At every opportunity then on, she checked her phone and tapped in a hasty reply. I went to buy another drink for us two and she used the opportunity to make conversation with the man in denim. She went for a smoke and made clear I was not invited. Plain as day she returned inside, alongside the man in denim. She came over and told me, between kisses, that I should go home: “fuck off”, I believe she said, though sweetly, affectionately…I was not to walk her home. She would see me on Sunday.
I left and took out my phone to find a map of the way home (I had never been to her house sober) and she walked past, away from her house and down an alleyway with the man in denim.
Ella assures me that I am mistaken about what happened that night, but the sanctity of the heterosexual mode of romance remains lost on me.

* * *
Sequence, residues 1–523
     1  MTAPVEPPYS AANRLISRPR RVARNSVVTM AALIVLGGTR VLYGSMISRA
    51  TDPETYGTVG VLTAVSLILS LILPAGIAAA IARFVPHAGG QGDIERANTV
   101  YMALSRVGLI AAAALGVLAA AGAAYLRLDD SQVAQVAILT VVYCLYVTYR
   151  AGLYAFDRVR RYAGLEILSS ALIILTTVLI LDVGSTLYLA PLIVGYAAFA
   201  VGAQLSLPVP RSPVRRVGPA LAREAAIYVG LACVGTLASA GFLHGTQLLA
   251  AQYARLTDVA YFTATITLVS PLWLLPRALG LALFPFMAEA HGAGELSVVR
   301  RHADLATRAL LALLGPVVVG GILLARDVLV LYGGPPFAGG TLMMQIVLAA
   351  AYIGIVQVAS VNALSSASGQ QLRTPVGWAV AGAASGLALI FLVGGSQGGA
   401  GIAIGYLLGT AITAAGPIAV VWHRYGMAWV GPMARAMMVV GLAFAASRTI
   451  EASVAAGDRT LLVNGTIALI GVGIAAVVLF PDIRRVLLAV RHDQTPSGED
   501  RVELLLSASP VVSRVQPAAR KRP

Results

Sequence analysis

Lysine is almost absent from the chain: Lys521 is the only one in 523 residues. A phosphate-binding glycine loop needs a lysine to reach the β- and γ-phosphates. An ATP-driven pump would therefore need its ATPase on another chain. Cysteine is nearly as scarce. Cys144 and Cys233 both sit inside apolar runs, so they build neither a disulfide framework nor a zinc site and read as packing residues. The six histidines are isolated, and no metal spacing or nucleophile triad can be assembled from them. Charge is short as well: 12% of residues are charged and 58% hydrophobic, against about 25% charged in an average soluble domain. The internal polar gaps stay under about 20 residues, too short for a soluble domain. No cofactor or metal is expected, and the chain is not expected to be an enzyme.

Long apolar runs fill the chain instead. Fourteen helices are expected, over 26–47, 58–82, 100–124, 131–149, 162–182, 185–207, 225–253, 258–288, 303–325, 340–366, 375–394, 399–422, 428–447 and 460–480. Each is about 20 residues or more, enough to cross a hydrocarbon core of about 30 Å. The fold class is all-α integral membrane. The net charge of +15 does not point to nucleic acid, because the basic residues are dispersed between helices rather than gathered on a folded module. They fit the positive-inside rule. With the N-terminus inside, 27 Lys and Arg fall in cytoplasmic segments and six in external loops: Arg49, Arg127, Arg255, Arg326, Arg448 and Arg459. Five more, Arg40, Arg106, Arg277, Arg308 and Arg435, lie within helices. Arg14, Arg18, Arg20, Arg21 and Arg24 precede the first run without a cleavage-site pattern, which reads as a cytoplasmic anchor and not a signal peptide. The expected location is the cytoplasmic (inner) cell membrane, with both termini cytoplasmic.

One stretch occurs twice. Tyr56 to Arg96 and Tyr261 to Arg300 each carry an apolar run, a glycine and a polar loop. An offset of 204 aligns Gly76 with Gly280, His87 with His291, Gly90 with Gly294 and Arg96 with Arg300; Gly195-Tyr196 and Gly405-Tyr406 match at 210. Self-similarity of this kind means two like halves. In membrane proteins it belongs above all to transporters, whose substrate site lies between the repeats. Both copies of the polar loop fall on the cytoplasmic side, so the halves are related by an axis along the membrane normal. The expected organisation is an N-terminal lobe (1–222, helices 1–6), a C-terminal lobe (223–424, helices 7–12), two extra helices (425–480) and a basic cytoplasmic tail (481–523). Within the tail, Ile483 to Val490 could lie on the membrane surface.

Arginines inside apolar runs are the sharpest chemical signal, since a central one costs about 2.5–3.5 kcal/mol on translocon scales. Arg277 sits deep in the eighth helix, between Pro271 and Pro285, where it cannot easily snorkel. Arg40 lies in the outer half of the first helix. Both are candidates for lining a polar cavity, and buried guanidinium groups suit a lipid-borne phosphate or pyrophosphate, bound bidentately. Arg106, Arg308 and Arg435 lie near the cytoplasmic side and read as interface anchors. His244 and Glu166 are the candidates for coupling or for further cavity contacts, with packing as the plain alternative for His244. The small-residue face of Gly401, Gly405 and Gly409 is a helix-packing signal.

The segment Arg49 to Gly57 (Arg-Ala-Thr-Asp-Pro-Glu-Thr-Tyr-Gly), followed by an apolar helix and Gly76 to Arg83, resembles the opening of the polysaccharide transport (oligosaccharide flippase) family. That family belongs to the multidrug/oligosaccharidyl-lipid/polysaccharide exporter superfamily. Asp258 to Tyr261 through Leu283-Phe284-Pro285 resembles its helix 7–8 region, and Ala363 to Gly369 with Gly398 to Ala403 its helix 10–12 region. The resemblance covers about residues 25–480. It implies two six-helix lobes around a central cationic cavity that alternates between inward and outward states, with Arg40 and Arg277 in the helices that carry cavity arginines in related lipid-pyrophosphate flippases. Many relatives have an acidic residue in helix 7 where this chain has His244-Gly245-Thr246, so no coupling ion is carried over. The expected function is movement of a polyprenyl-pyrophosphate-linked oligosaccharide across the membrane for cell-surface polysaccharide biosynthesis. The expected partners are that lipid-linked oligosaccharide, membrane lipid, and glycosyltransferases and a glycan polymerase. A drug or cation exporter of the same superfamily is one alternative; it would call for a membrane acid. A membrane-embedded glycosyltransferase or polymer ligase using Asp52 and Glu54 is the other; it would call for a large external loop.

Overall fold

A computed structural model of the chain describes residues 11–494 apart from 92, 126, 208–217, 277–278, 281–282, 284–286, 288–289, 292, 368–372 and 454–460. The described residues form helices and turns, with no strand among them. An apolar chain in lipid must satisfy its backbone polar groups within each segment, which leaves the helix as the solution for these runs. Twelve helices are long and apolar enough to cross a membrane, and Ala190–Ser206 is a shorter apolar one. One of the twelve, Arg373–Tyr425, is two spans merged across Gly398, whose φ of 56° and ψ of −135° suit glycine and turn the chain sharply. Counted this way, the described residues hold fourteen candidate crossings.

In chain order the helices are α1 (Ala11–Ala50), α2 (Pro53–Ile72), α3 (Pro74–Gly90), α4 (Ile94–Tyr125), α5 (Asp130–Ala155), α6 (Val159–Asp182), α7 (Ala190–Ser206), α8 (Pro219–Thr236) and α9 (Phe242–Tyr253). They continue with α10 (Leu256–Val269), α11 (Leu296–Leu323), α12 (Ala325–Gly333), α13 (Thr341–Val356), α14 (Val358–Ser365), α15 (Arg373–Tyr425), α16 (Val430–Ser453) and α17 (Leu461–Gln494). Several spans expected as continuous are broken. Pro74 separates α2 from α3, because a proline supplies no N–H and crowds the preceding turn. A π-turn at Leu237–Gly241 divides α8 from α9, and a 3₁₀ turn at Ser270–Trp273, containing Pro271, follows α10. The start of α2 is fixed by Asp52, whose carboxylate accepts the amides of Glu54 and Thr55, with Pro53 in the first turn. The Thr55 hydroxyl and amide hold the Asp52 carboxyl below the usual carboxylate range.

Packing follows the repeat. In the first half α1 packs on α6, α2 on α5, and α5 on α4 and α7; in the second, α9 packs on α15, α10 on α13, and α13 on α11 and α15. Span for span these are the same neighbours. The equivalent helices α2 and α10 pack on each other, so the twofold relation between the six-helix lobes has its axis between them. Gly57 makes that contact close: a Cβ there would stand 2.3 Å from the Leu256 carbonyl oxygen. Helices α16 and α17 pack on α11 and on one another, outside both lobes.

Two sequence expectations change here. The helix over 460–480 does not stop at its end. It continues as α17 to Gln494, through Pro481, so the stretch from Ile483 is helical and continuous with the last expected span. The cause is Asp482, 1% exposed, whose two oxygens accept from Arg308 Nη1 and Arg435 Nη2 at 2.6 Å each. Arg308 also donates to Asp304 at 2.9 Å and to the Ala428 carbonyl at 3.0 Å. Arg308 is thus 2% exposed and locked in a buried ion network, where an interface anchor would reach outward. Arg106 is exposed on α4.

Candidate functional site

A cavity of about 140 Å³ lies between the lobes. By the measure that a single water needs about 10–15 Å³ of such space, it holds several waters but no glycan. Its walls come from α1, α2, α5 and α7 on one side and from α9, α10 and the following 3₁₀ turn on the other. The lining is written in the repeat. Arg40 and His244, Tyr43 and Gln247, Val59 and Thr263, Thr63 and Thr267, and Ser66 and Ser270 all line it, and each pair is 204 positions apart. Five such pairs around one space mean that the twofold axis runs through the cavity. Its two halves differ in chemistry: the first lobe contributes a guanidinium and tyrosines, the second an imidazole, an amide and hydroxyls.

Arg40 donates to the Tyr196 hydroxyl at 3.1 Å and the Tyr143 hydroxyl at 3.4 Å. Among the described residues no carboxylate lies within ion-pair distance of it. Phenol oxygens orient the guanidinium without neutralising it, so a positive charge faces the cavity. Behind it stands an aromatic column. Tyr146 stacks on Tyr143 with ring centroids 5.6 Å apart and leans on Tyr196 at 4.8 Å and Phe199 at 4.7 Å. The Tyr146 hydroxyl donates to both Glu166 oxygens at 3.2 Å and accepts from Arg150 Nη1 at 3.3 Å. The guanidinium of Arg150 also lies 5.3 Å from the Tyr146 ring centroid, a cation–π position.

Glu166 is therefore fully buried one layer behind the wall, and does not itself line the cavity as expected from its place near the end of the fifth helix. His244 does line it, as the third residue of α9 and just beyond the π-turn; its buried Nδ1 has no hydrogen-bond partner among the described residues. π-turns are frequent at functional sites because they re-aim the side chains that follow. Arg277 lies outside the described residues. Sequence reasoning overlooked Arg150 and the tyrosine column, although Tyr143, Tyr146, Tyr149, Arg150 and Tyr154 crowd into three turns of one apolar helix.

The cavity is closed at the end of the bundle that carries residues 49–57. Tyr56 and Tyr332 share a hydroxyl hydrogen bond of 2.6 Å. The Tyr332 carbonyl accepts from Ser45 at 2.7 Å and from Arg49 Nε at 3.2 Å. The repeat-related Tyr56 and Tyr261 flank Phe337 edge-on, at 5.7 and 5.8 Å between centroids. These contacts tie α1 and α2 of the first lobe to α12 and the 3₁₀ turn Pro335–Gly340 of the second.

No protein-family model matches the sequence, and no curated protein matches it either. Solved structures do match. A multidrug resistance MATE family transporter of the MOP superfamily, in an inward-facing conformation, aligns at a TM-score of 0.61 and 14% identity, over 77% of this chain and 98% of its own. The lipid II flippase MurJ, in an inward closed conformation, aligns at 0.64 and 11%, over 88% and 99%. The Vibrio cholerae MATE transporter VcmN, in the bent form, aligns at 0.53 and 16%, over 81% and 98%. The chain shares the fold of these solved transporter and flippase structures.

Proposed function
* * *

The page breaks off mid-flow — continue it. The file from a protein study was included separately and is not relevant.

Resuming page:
My mate Alan, he’s weird. I was sitting there thinking: Alan is weird. And you know Alan Irving? He’s weird too. My teacher, Mr Allen, was pretty weird. I wonder if all Alans are weird? I’m weird…am I Alan?”
Callum held up the soggy joint in his left hand, ash pointing to the greying sky.
“So I think it’s time for you to hear about Alan.”
Callum looked at Neil, who dropped a smile and quickly picked it back up again. He looked me in the eyes as though he was measuring the worth of my soul. He turned back to Callum and nodded.
I belatedly took hold of the joint with my left hand as it passed across our bodies from Callum’s right. I quickly took a chaste drag while Callum adopted an open stance.
“OK so our pal Alan has been a tragic figure. Very quiet, could go a whole night without saying a word. Since we left school, he hasn’t had a job – five years. He’s not in uni or college or anything, hasn’t done an apprenticeship. He’s a true NEET.”
“That’s ‘not in employment, education or training’ in case you didn’t know,” Neil chips in laconically, punctuating with fact the reality of Alan’s situation.